Anyway, the disturbance charge was almost certainly a false accusation in the form of sensationalizing—making something out of nothing. We see this in the media every day, so you know what I mean. As it was, it was a charge meant to incite the anger of the populace and the magistrates, putting Paul and Silas in a position to receive a harsh punishment.

The second charge seems to indicate that (to whatever extent in reality), the so-called disturbance may have pointed to the new believers’ transformation, something which would have impacted every aspect of their life. Paul and Silas were charged, after all, with advocating “customs that are not lawful for us Romans to accept or practice.”  The calculated impact of this charge was that if they were introducing an alien cult involving unlawful Roman practices, a good Roman citizen could not accept or abide such a thing. They would be outraged. So, it was particularly serious charge, as Keener explains:

Roman conversion to Judaism (or otherwise turning from Roman gods) was legally punishable in the late republic …, though the law was rarely enforced in this period except when such activity threatened public peace or welfare.[9]

The charge was exactly that. Thus, Paul and Silas’ Judaism (at least what the accusers understood as Judaism or a sect of Judaism), was painted as a threat to the public peace and welfare.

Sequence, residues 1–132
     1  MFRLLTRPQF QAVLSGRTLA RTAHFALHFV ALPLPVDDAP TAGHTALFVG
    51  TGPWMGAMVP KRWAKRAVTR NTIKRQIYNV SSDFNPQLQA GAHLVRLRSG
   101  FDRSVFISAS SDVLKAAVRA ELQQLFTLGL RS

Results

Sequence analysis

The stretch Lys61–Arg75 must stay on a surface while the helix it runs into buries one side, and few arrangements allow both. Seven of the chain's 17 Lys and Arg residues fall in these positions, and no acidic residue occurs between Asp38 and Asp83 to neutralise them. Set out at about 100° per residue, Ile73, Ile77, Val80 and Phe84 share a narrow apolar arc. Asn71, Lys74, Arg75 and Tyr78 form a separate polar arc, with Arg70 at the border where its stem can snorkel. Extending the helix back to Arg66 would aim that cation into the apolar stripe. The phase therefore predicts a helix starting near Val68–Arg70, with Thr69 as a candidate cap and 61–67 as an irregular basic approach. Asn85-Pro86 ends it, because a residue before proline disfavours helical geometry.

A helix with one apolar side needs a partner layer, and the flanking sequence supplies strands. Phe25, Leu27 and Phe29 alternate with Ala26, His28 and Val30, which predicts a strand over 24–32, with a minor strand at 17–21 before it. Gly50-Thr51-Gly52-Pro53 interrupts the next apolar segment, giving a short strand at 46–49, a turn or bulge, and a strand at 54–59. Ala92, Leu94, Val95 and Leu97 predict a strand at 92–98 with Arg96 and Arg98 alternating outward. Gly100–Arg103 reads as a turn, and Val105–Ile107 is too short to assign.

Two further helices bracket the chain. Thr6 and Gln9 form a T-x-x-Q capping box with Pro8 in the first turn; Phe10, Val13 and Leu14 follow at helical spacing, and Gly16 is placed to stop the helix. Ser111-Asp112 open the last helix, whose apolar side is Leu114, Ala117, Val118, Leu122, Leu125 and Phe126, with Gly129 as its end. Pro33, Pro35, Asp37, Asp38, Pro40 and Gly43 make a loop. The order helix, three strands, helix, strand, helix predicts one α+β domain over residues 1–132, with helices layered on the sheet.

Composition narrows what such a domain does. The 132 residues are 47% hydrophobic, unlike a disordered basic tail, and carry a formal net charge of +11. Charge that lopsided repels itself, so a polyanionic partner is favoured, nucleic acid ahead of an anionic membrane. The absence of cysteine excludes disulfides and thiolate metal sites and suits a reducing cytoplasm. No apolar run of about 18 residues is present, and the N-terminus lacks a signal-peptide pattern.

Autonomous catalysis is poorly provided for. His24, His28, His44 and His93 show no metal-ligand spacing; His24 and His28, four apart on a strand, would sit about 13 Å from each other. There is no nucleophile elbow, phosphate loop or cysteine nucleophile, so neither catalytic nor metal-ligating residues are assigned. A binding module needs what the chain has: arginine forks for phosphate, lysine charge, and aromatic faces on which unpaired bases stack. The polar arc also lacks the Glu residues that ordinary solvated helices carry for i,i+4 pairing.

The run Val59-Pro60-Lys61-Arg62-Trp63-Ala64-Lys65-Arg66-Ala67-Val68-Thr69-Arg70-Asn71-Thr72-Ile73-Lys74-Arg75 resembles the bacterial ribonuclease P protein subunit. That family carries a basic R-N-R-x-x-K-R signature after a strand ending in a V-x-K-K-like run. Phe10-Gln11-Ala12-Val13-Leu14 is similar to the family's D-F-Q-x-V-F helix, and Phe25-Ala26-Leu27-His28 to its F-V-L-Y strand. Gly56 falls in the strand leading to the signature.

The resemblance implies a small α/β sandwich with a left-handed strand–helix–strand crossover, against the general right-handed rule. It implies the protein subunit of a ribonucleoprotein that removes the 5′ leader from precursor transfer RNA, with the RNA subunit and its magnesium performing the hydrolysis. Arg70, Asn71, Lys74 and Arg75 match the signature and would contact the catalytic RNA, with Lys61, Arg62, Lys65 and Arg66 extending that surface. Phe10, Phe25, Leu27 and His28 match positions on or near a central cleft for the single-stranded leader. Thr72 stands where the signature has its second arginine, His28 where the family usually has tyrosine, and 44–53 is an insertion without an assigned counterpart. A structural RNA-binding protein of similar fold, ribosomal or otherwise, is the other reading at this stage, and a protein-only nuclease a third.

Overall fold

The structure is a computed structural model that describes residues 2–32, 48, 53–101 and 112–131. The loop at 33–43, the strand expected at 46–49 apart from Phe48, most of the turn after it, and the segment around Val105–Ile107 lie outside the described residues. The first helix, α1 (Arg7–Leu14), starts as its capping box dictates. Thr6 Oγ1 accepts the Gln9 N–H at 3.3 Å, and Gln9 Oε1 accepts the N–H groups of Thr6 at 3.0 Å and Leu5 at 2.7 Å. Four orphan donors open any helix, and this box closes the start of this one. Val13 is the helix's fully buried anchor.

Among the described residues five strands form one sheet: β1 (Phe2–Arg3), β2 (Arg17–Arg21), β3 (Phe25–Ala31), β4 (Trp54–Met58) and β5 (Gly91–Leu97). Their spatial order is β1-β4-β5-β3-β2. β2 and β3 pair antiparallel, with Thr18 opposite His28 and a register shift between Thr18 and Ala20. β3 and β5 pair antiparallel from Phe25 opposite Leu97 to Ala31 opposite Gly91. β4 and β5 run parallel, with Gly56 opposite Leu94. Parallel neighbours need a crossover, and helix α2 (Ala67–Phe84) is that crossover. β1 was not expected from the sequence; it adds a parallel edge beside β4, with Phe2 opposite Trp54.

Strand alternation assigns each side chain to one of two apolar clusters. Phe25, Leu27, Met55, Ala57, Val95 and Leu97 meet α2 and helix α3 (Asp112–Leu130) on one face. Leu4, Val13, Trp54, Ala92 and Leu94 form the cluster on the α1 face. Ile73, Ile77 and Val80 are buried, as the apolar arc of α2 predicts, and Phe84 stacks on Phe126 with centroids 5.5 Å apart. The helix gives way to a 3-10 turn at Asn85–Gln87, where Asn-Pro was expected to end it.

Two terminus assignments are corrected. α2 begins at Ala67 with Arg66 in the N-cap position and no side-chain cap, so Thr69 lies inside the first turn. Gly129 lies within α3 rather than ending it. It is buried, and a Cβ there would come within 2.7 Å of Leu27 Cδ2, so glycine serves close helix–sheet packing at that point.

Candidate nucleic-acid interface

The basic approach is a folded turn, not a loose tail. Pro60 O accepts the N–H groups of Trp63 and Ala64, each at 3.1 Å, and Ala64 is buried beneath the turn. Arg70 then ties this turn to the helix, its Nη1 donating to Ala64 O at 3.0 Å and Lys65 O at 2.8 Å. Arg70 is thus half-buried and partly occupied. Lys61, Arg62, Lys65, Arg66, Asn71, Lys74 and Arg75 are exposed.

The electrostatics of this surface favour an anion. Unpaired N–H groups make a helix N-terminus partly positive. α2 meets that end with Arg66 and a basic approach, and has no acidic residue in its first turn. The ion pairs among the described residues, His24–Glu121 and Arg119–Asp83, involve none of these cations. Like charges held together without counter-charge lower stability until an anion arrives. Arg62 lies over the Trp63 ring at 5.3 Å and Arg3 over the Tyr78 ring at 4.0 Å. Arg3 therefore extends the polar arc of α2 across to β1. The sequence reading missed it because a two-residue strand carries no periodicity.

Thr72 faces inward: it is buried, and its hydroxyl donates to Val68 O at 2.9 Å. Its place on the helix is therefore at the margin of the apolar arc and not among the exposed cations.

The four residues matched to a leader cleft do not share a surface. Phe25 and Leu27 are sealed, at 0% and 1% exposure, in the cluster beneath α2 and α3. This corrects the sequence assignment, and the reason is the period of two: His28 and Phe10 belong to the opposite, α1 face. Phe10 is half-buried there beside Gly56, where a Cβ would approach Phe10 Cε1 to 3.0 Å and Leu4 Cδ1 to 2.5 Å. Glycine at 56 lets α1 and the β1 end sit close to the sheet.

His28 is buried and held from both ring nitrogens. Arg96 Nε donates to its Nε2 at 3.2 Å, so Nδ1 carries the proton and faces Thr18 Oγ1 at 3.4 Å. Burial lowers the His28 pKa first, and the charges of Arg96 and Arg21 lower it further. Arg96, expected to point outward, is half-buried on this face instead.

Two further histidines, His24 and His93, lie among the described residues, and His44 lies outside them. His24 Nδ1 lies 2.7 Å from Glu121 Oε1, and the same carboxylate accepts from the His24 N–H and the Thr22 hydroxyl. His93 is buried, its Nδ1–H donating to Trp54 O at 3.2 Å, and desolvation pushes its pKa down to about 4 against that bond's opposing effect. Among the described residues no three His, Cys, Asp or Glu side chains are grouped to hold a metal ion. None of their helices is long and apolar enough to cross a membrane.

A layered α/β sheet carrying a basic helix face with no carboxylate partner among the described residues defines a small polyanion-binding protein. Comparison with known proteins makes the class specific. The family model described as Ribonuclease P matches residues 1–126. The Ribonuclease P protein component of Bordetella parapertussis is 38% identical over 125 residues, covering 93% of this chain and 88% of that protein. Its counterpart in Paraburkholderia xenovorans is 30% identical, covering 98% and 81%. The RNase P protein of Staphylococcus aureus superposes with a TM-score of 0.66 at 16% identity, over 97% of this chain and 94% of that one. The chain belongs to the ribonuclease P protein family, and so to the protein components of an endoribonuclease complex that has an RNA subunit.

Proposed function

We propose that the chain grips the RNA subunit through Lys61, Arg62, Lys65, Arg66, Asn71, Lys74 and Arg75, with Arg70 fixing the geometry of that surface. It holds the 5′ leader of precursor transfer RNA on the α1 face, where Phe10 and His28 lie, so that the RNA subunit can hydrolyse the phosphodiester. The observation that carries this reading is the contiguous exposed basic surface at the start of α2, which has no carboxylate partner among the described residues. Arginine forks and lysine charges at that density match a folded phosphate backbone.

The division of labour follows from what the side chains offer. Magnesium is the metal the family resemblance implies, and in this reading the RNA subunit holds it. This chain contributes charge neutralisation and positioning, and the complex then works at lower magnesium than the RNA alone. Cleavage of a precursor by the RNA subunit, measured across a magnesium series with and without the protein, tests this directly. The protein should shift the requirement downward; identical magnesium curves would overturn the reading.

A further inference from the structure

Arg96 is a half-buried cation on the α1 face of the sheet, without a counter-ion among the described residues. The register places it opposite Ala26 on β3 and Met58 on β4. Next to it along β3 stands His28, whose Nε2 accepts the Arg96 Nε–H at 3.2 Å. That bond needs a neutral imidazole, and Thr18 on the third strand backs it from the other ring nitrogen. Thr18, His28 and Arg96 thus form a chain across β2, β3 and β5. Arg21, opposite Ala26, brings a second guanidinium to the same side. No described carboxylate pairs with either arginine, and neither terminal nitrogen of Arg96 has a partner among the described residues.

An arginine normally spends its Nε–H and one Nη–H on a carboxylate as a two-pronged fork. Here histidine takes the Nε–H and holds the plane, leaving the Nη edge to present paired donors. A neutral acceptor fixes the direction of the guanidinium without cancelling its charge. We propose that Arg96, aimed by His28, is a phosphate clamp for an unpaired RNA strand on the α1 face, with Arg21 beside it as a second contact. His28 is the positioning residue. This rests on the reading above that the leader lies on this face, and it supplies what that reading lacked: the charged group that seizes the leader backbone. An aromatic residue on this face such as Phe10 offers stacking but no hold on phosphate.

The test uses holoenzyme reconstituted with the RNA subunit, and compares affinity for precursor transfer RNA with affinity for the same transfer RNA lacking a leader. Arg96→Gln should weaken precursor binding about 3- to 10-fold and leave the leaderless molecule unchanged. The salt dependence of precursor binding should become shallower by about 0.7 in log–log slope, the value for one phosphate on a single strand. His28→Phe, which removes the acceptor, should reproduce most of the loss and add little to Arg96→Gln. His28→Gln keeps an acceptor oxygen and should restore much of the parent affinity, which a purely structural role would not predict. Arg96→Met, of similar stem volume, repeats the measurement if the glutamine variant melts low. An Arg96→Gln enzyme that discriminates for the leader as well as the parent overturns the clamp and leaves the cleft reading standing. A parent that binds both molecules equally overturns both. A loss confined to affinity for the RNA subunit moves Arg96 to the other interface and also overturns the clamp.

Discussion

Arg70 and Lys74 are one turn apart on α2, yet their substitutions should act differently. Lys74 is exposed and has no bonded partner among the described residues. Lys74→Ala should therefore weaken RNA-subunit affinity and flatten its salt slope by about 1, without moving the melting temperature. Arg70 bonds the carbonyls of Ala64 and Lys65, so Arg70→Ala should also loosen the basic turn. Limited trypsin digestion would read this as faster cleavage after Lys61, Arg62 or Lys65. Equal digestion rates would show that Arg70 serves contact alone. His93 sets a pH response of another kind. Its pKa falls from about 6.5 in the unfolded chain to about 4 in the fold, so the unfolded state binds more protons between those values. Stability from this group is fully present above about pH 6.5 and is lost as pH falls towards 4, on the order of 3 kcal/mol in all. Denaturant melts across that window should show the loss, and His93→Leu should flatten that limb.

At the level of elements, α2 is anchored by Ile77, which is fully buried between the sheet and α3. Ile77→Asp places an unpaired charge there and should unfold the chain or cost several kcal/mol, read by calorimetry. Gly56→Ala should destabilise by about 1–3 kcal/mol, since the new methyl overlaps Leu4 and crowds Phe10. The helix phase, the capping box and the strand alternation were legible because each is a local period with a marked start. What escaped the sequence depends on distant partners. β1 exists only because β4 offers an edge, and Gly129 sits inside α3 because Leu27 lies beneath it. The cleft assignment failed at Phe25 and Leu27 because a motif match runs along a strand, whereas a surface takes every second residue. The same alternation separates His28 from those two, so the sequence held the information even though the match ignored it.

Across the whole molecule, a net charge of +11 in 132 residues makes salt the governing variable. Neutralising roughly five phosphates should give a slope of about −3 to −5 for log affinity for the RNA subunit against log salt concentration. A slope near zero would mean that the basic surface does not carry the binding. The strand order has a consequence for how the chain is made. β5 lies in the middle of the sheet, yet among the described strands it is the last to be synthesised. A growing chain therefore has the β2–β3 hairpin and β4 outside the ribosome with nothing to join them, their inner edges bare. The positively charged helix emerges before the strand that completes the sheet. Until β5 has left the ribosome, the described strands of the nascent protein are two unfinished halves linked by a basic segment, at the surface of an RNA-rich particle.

Such was a direct affront to these Romans. Being a Roman was a badge of pride and a beloved way of life to them. And here these two Jews were supposedly threatening their way of life, their peace, and their religion. It was an appeal to Roman identity versus the customs of foreigners.

If you think about it, such was a pretty ingenious way to attack these Christian missionaries. The slave owners had “xenophobically” painted Paul and Silas as “anti-Roman Jews,” placing them in pretty much a no-win situation.[10] Interesting, it is, though, how, providentially, it never occurred to the accusers, nor to the magistrates for that matter, that Paul and Silas might be Roman citizens, or to even ask the question—which would have changed everything going forward. Biased, prejudiced and emotional accusations do so often suffer from utter blindness to truth, logic, and justice.

Which speaks to Paul’s next strategic move against the evil one’s schemes. Paul remained silent to the very fact that he and Silas were likewise Roman citizens—which, as we’ll see in v. 37, will lead to Paul’s checkmate of the enemy. We’ll pick up at that point of the battle (Paul’s silence), Lord willing, next week.